Motion sensors make controlling your lights even easier. They’re ideal for outdoor lights since they can activate when you’re arriving at your home, although there are some indoor uses too.
When you’re using a motion sensor, you want to make sure that the bulb is energy efficient. If it’s turning on or off a lot, you don’t waste electricity.
So does that mean LED bulbs are the best bet with motion sensors and are they compatible?
If your motion sensor has an electromechanical relay, any LED bulb will work fine. If the motion sensor has an electronic switch, the sensor might not be compatible with low-wattage LED bulbs as they require a minimum load to power the sensor on the circuit.
In this article I’ll explain:
- Whether motion sensors need a special type of LED bulb
- If smart light bulbs can be used with motion sensors
- The most common issues with LED lights and motion sensors (and how to fix them)
Do Motion Sensors Need Special LED Bulbs?
Most of the compatibility issues between motion sensors and LED bulbs are caused by the motion sensors themselves being unsuitable to use with LEDs.
But what about the bulb – do you need a particular type of LED bulb to work with a motion sensor?
LED light bulbs can be either dimmable or non-dimmable. Dimmable LEDs exist to be used with dimmer switches, as a standard LED won’t work correctly when you reduce the power – it’s either on or off, so it might flicker.
So, should you buy dimmable or non-dimmable LED bulbs to work with a motion sensor?
It doesn’t matter. Either will work because the motion sensor only triggers the bulb on (at full power) or off.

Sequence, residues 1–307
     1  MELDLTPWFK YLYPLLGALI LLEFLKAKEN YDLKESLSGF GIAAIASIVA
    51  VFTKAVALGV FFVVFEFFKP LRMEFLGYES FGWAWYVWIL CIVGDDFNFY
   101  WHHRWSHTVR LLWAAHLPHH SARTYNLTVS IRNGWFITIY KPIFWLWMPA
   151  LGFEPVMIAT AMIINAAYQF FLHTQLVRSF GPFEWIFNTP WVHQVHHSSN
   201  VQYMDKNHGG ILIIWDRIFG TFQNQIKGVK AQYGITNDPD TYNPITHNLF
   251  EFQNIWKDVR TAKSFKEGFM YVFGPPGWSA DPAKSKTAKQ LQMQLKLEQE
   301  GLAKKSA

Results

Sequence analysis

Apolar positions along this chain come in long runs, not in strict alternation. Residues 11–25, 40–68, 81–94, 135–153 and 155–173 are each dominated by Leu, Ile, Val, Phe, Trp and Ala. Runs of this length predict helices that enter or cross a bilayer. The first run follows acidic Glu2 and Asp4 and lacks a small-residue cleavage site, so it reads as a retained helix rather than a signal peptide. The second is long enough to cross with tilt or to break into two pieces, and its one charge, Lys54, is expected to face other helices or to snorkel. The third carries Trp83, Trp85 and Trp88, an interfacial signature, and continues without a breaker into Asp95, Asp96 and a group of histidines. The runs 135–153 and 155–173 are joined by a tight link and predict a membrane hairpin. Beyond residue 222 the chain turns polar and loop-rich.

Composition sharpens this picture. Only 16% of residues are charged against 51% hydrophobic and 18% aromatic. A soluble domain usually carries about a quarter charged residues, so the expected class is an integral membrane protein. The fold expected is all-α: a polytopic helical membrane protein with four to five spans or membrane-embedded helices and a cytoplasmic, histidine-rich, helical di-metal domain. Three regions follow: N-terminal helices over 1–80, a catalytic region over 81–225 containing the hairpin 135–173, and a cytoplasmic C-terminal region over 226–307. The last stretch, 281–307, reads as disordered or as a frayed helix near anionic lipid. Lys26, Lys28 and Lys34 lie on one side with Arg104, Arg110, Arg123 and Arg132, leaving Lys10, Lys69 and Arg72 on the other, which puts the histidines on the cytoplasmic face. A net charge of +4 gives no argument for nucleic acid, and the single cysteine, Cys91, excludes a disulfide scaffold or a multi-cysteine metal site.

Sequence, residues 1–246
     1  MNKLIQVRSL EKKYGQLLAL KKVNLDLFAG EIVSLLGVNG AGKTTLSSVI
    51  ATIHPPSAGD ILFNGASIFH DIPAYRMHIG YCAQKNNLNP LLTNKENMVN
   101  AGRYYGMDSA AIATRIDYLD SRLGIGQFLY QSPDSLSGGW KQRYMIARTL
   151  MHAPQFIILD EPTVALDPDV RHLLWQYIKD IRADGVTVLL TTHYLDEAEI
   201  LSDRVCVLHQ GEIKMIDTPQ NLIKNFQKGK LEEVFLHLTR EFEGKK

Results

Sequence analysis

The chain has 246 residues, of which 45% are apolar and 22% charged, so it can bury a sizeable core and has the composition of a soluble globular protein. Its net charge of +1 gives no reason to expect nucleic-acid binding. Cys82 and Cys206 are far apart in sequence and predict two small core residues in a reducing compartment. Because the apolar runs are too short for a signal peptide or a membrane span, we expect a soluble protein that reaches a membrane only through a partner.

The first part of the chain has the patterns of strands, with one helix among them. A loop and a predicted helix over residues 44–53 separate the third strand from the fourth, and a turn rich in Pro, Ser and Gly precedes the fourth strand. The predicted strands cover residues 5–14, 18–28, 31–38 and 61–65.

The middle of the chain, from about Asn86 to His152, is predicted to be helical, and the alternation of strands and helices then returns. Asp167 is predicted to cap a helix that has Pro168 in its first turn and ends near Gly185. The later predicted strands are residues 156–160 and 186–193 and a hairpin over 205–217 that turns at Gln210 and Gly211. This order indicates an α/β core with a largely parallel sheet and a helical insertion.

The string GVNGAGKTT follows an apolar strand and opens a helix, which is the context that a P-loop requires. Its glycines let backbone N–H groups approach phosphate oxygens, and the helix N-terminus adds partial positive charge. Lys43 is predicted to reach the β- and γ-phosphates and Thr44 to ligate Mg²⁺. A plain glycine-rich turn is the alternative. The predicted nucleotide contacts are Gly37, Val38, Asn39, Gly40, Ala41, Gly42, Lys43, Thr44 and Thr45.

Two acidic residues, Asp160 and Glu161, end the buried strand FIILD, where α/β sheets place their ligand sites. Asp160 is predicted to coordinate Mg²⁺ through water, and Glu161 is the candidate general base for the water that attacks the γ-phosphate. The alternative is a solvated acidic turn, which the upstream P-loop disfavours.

If your LED bulbs are having trouble working properly with your motion sensor, it’s more likely that you need to replace the sensor with an LED-compatible one, or revert back to a more inefficient type of bulb instead of LED.
Can Smart Bulbs Work With Motion Sensors?
Smart light bulbs are becoming more and more popular. So if you have a motion sensor, can you replace your bulb with a smart one?
You absolutely can – but you might encounter some issues.
Firstly though, ask yourself why you want to use a smart bulb in a fitting connected to a motion sensor?
If you want to take advantage of a smart bulb’s other features – changing the color or setting up clever routines with your other smart devices – then it would make sense to consider a smart bulb.
But if you only care about having your lights triggered by motion, then don’t buy smart lights for that. Your motion sensor will work with non-smart LEDs.
You’ll have fewer issues, you won’t add an unnecessary load to your WiFi network, and smart bulbs are pricey too.
If you want to use smart bulbs, you might have trouble getting the motion sensor to work correctly.
That’s because the app on your phone might be overriding the motion sensor. It’s the same issue with dimmer switches and smart lights – tech that is arguing.
So you might have told your phone that you want the light off, but the motion sensor detects movement and tries to turn it on – it might fail, as the bulb has the last command from the app to stay switched off.
The motion sensor also cuts the power from the circuit where the bulb is operated off unless the movement is detected.
It will make it impossible to control your smart bulb via the app, as smart light does require power to operate even when switched off.
If you’re using a traditional motion sensor, it would probably make sense to stick to non-smart bulbs.